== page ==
This was my first time in Vegas staying in Downtown Las Vegas, which, contrary to everything I'd ever before believed about Las Vegas, is not actually on or even really near the Strip, but 20 minutes northeast in a totally separate block of smaller, older, and decidedly cheesier casinos and attractions than the strip. The bartender who served me oatmeal before I caught my shuttle back to the airport admitted that it's usually semi-local regulars who stay downtown-"the mullet crowd"(see below). Plenty to see even beyond people watching, with the Fremont Experience and my new favorite museum ever, the Mob Museum.

The strip is obviously good wandering as well, though a tad less peaceful, what with the million other pedestrians in cocktail attire, costumes, or sweatpants making their way through all the tchotchke shops and Mexicans handing out ads for female escorts in between the casinos. It is unreal to me just how many people there are in every casino (and how, considering how many smokers I saw, nowhere inside smells like smoke at all!). I guess everyone else caught the 'wander and people-watch' memo.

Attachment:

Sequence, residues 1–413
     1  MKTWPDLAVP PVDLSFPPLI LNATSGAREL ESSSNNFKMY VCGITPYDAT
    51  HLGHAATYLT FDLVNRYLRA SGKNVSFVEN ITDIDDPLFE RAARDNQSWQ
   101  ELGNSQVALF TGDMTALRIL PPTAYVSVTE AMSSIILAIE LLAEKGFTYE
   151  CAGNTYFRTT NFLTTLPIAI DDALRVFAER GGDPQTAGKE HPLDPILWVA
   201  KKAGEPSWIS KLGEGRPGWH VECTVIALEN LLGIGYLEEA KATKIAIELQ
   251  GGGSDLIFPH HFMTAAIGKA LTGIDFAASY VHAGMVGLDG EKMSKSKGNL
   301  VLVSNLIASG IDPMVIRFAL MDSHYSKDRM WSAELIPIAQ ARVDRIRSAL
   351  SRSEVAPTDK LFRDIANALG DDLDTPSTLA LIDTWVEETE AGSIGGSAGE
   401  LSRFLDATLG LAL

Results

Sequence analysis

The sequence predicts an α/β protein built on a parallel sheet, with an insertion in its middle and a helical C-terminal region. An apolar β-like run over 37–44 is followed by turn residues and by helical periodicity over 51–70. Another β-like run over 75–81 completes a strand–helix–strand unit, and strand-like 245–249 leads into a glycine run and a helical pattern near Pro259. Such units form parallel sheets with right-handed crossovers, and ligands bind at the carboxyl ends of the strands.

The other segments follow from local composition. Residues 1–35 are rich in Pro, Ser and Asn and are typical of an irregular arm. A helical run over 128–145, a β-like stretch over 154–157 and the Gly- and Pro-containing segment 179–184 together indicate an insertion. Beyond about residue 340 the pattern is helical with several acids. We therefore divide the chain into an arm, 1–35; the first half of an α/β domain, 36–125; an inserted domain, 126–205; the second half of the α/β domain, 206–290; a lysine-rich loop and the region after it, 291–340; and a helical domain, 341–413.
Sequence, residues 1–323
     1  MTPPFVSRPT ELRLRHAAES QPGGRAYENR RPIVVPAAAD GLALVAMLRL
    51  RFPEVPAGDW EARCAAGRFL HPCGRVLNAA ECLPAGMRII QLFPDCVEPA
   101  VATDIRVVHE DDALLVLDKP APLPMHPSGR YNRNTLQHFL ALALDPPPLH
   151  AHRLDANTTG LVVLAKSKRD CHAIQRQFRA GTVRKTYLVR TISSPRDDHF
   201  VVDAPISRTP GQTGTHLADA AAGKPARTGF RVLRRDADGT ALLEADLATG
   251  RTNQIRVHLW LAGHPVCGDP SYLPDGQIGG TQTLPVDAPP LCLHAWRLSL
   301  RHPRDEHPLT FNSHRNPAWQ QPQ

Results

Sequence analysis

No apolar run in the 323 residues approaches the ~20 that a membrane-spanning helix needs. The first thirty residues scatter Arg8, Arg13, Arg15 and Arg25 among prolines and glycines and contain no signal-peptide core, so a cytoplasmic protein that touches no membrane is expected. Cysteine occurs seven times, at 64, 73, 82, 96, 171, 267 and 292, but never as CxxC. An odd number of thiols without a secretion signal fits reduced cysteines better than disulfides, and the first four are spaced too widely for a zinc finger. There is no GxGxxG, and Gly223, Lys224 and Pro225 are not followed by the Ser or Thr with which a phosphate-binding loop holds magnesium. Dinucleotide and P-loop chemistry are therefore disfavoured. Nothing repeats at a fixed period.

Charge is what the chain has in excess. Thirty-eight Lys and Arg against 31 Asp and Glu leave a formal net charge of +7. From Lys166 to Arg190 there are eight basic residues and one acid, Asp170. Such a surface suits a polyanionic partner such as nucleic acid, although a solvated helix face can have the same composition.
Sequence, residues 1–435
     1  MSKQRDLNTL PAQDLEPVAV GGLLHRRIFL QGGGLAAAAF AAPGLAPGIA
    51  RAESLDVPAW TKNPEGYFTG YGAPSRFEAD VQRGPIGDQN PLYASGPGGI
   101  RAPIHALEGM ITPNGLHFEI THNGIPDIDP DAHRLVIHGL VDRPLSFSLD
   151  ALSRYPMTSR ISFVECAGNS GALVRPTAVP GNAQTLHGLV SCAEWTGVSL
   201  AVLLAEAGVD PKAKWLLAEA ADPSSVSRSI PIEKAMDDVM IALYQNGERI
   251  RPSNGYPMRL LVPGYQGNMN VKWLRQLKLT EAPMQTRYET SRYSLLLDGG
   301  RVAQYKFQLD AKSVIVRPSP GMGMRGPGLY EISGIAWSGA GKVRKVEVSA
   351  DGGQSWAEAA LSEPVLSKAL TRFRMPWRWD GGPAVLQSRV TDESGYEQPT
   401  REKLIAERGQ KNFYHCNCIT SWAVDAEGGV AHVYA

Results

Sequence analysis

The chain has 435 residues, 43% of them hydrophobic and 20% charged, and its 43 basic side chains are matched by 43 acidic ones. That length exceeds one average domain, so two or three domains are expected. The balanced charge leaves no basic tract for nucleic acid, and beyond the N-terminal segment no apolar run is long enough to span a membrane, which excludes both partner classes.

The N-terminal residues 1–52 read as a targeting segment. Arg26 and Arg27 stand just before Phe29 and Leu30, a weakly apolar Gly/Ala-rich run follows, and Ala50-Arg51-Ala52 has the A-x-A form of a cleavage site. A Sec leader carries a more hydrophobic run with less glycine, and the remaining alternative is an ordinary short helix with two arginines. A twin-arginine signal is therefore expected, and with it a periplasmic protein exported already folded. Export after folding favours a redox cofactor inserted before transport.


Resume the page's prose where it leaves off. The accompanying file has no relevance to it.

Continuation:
Just don't eat here. You will literally die. 


Olympus Day Spa: 3 Stop Tour

In what might be my favorite birthday gift to date, Porter sent me to the Olympus Day Spa. The naked spa, as it may be known (Korean, women only). The spa I'd heard always been recommended in sighs and almost uncomfortable moans. 'Ooohhh, it's pure heaven' 'I just can't get enouuuugh.'

There are three features that send women over the edge with Olympus Spa obsession:

1. Naked pools
Four pools, each at varying temperatures (too hot for comfort down to cool enough that I wonder why anyone would step a toe in); dry sauna, wet sauna, and a magical trough of some sort of anti-microbial water warmed to the exact right temperature. You just scoop it over your body with conveniently-provided bowls- Thai shower style. It's amazing.

Lesson 1: Soaking gets old when you hate being pruny like I do, but a variety of pool temperatures seems to mitigate the pruniness.
Lesson 2: Bodies are shaped so differently. It's good to be reminded that even people who look pretty good with clothes on are all pretty lumpy, each in unique and fascinating ways. Hard to not notice, even when you're trying to not pay too much attention to the fact that everyone around you is naked and you're playing it cool about the fact that you're naked too. Socially abnormal, but in this small tiled room, totally normal. I think it'd be good for any teenage girl with body issues to see.